Here, Republicans have done nearly as much damage as Democrats. They have championed programs such as No Child Left Behind, which invade the regulatory autonomy of the states and subvert it through “conditional grants.” Because the residents of the states are already paying for the programs, state governments simply cannot refuse the assistance — it’s their billions to start with. And it was Republicans who created the Environmental Protection Agency and unwittingly empowered it to deputize state agencies in sweeping regulations of society that no Congress would ever pass. Congress must reassert control over the rule-making process in executive agencies such as the EPA. And states must fight back against the Trojan horse of “cooperative federalism” programs on the fiscal and regulatory front. Regulatory reform must be a top agenda-item for Republicans in Congress. The “separation of powers” between federal and state governments should become as cardinal a principle as the separation of church and state.
The conservative tidal wave of 2010 was motivated in large measure by an enormous groundswell of support for the Constitution and its limits on federal power. Alas, Romney hardly mentioned the document. Yet the greatest danger of a second Obama term is the continued erosion of our Constitution’s limits on federal power. Reclaiming the Constitution for state and local self-government goes hand in hand with the libertarian mindset that many new members of Congress will bring with them to Capitol Hill. The GOP’s basic position should be that moral and social issues are no business of the federal government’s and should be left to states and local communities. And, by the way, that is precisely the arrangement our Constitution was designed to ensure.
President Obama is what Walter Lippmann called a “gradual collectivist.” He stands for majority rule unbridled by any constitutional limits — in other words, for the tyranny of a transient national majority. Reviving the Constitution’s protections against the tyranny of the majority should be a matter of first priority, both in legislation and in federal-court appointments. In the new Senate, the Republican staff of the Judiciary Committee should spend the first three months of 2013 producing a “State of the Constitution” report, with recommendations for fixing some of the holes that nearly 80 years of big federal programs have blown in the Constitution. Such a report could be a standard for conservatives to unite behind.
Finally, a lot has been said about the need to enlarge the Republican coalition to include non-whites, particularly Hispanics. George W. Bush won in 2004 partly by capturing about 40 percent of the Hispanic vote. Romney, by contrast, barely got 27 percent. This poor showing (the worst in decades for a Republican candidate) means that the acrimonious immigration-reform debate that began alienating Hispanics in 2006 has had structural consequences.
The solution is not amnesty. We simply cannot reward law-breaking, and illegal immigration is law-breaking. The GOP must insist on the rule of law. The lasting solution here is to eliminate the vexing issue altogether, by dramatically reducing the economic incentive to immigrate illegally in the first place. People go where they think they can find jobs. Electronic employment verification (such as E-Verify) has led millions of illegal immigrants to self-deport from states such as Arizona and Mississippi to states (such as Texas) where they know they can find work. Adopting some kind of E-Verify nationwide could stop the flow of illegal immigrants, cause millions more to self-deport back to their countries of origin, and would benefit the tens of millions of lawful Hispanic immigrants who now have to compete with illegals for work. Visa reform can then make sure that American businesses have access to the immigrant labor they need.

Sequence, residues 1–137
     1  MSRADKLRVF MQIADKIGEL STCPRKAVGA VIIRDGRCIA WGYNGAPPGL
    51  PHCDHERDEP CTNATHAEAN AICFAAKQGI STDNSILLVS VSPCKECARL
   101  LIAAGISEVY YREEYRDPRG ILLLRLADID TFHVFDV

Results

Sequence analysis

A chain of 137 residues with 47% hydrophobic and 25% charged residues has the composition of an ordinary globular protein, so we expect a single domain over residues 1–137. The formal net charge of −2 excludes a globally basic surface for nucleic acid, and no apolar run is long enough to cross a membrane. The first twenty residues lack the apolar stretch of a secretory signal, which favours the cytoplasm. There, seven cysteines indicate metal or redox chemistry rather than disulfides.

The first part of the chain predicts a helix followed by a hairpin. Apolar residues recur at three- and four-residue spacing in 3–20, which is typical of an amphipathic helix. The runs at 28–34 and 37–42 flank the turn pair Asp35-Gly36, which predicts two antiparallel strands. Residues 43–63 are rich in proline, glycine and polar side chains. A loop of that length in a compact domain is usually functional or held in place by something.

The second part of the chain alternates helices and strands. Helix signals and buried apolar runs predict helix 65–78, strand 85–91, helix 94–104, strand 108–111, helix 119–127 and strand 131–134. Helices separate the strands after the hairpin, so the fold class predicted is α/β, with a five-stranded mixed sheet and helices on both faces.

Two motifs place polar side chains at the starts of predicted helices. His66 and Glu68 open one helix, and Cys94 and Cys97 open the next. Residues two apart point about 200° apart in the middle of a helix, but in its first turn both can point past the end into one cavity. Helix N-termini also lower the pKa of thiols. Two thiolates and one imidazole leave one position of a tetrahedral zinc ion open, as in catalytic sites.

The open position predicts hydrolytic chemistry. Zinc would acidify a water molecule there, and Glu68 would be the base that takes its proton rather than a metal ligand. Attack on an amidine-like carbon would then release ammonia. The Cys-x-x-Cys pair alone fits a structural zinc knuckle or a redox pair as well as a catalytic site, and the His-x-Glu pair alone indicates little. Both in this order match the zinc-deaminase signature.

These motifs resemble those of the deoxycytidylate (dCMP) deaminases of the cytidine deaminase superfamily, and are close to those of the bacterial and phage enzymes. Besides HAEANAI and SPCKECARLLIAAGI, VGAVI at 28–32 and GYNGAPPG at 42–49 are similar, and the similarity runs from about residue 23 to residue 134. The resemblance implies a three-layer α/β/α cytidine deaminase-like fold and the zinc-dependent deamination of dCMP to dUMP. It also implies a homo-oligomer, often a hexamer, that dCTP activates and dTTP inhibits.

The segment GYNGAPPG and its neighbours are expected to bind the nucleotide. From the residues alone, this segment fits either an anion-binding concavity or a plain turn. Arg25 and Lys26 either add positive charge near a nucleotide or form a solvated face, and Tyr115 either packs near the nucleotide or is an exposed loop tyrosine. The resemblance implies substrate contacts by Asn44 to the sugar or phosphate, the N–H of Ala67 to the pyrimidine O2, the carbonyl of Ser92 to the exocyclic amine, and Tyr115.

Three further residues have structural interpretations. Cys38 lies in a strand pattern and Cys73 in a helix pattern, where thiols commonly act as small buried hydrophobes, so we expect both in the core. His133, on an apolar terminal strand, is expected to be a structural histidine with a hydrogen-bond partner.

Conservatives share Hispanics’ desire for a society that offers upward mobility. That promise, and a culturally more inclusive party, can attract large numbers of Hispanics (many of whom are socially conservative and believe in economic freedom) back to the GOP. Those who say that Hispanics vote Democrat because they are poorer and depend more on the social safety net, and that they will vote that way regardless of the GOP’s stance on immigration, have a point. But Republicans have succeeded in creating the impression that they don’t care about the little guy, especially if he’s Hispanic. Republicans must change that, and they can — by offering solutions to the obstacles Hispanics face. That means making education and health care more accessible and affordable through innovative market-based solutions that Democrats habitually block. And it means promoting high-growth policies and the upward mobility they will bring.
Ultimately, the only way that Republicans can enlarge their coalition and remain true to their principles is to offer greater opportunity than the Democrats can. They should give poor and middle-class people of all colors a stake in the future, by embracing pro-growth policies that can unleash the incredible potential of our private sector. To prove that they are not “radical individualists,” Republicans should empower states and local communities to do things their way. In the end, however, the vision of limited government, economic freedom, and self-reliance must prevail. The future of the Republic depends on it.
We have mostly lost sight of the free society that the Framers sought to enshrine and protect in our brilliant Constitution. It falls to the next generation of GOP leaders to make that vision persuasive to a broad majority of Americans. And there’s no time to waste.
— Mario Loyola is director of the Center for Tenth Amendment Studies at the Texas Public Policy Foundation.